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Contest To Hack Brazilian Voting Machines 101

Posted by Soulskill
from the hack-the-vote dept.
An anonymous reader writes "Brazilian elections went electronic many years ago, with very fast results but a few complaints from losers, of course. Next month, 10 teams that accepted the challenge will have access to hardware and software (Google translation; original in Portuguese) for the amount of time they requested (from one hour to four days). Some will try to break the vote's secrecy and some will try to throw in malicious code to change the entered votes without leaving traces."
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Contest To Hack Brazilian Voting Machines

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  • by Tellarin (444097) on Saturday October 31, 2009 @12:18AM (#29932115) Homepage Journal

    for those who do not RTFA.

    The teams can bring any software or equipment they want to try and break the machines' security.

    And there is even a bounty of a little more than USD$2000,00 paid by the government to the team that gets closer to the goal.

  • Hack the judges (Score:5, Insightful)

    by noidentity (188756) on Saturday October 31, 2009 @12:32AM (#29932177)
    The simplest way to win this is to hack the judging process so that your team is announced the winner, with a false claim that you hacked one of the machines.
    • The simplest way to win this is to hack the judging process so that your team is voted the winner

      T, FTFY.

      • Re: (Score:2, Insightful)

        by noidentity (188756)
        No, my point was that you don't have to hack any voting machines (the apparent activity involved in this contest). You just need to hack the people managing it so that they announce you as the winner, and describe how you (fictitiously) hacked a voting machine.
        • And I knew your point. I was just joking. If you didn't like the joke, just say you didn't.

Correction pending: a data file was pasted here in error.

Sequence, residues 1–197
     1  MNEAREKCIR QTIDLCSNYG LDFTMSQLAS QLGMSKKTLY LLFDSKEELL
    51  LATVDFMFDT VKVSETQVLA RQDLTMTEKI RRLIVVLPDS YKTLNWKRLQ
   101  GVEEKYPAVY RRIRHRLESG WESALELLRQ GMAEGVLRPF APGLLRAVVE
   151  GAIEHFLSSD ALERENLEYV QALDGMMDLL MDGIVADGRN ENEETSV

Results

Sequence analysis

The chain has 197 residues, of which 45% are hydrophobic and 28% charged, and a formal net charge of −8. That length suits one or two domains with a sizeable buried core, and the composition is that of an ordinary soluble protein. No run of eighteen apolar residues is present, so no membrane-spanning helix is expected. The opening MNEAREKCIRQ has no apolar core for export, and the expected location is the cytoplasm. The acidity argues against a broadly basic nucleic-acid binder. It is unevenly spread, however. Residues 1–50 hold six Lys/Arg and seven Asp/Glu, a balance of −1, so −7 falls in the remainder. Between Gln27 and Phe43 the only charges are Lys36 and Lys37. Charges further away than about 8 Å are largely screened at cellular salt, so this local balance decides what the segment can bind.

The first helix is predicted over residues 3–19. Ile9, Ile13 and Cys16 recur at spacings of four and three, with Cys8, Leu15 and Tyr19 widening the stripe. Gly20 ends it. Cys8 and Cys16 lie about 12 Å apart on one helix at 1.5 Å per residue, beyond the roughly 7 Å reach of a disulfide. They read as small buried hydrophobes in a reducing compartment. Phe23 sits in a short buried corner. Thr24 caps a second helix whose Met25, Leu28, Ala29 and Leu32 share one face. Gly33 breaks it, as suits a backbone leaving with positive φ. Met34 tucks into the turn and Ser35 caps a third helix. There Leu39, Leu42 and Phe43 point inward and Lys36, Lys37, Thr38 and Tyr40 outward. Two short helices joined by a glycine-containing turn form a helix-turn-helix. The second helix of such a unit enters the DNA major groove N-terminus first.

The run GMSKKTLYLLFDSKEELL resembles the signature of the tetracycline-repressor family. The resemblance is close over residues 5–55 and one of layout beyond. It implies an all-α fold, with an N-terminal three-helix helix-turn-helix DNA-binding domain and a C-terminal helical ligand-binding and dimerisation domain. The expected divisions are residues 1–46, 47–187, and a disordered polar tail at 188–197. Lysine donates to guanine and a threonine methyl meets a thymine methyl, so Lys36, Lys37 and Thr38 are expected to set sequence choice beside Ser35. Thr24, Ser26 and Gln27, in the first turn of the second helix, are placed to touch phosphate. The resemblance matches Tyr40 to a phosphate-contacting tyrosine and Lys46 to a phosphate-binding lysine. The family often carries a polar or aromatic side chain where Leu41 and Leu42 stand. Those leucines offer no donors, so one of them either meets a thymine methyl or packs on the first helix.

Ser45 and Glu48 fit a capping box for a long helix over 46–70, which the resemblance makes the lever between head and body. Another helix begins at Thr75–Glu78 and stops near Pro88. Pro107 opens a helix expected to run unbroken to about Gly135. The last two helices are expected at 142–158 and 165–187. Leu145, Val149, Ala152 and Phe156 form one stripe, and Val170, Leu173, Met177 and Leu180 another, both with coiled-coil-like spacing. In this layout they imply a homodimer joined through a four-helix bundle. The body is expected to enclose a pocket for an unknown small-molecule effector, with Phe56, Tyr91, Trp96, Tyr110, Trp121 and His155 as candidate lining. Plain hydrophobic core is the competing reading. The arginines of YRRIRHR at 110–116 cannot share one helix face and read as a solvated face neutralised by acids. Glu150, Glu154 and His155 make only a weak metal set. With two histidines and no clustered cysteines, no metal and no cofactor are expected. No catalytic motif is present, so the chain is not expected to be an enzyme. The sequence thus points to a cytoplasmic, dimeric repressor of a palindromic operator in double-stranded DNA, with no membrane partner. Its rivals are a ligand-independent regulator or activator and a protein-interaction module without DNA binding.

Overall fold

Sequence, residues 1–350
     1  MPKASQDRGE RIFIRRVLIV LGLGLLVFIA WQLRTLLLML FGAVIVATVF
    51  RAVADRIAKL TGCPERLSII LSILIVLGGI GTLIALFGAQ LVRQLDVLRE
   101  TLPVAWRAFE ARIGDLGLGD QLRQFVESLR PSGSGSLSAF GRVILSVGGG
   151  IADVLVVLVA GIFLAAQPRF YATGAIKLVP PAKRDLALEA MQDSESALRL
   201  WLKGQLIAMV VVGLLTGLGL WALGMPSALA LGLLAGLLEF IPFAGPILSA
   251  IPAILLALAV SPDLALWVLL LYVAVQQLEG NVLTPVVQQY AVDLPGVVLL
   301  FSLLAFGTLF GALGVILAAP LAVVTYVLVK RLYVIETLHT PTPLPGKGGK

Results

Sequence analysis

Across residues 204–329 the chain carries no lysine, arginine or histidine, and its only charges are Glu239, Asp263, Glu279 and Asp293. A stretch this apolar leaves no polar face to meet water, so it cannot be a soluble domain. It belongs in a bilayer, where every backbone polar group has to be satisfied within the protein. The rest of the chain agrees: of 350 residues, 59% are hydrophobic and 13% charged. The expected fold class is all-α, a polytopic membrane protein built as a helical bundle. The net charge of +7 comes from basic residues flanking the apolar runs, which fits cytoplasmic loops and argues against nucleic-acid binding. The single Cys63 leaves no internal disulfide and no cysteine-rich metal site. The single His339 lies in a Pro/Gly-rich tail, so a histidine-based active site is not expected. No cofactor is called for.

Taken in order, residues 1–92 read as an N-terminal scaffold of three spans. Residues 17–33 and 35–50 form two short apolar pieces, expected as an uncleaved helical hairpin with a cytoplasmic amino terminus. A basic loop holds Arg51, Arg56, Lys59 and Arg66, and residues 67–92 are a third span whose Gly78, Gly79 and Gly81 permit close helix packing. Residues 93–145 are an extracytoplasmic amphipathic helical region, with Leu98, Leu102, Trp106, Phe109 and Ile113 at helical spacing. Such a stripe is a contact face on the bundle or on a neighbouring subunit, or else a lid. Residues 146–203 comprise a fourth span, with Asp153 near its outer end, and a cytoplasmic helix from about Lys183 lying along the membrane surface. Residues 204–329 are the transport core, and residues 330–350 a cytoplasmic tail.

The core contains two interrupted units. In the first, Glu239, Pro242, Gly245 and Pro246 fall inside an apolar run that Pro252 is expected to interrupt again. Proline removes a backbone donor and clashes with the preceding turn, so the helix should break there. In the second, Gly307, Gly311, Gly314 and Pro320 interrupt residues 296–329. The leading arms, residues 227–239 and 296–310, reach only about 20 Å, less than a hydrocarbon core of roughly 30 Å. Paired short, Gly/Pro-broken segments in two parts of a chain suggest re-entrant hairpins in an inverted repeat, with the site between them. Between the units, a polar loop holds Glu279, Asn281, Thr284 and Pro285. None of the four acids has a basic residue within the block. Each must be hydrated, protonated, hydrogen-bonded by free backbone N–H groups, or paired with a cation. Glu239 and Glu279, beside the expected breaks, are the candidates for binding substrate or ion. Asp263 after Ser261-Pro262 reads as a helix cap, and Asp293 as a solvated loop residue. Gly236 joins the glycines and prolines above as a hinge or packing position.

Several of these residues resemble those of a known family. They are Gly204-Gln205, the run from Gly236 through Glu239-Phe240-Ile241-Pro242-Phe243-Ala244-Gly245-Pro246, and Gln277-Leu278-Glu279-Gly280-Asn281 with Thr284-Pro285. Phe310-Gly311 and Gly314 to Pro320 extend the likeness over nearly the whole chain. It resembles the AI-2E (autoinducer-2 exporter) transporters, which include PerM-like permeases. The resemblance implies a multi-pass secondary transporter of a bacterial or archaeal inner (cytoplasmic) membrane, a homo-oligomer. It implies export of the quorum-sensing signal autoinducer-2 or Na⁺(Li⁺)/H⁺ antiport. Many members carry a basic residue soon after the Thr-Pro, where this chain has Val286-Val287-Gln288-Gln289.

By the way, I don't like it, either ;)

          • And I knew your point. I was just joking. If you didn't like the joke, just say you didn't.

            OK. I kind of got the joke, that you'd hack the voting machines the judges use, rather than the machines you were given. And your username is cute. Maybe there's someone named tarred_gzip (which would be an odd thing to do).

            • by cheftw (996831)

              I tar up everything on my system, you insensitive clod.

              It may not have the best compression ratio but damn is it fast to decompress.

        • by ais523 (1172701)
          You could hack a real election the same way. Don't hack the voting system, just the people who announce the results.
    • Re: (Score:3, Insightful)

      by T Murphy (1054674)
      Any voting system will have risk due to human judges- this test will hopefully prove that electronic voting (on Brazilian machines) has no additional openings. If this works for Brazil, American companies have no excuse not to let us do the same to their machines (not that it will likely happen anyways). In any case this sounds great and I wish more governments would do things like this to prove trustworthiness rather than expect everyone to trust the government baselessly.
  • by Flyer434 (581876)
    That is a lot of voting machines...
    • by Asmor (775910) on Saturday October 31, 2009 @01:07AM (#29932305) Homepage

      A senior aide goes up to President Bush. "Sir," he begins, "we just heard that two Brazilian men were killed in an attack in Iraq."

      Bush is visibly shaken, he hangs his head and covers his mouth with his palm. After a few moments, he asks in a solemn tone, "How many is a Brazilian, again?"

  • by Anonymous Coward

    Seriously one of the ten teams who figured they could hack a 'brazilian' voting machines in 'one hour', kudos.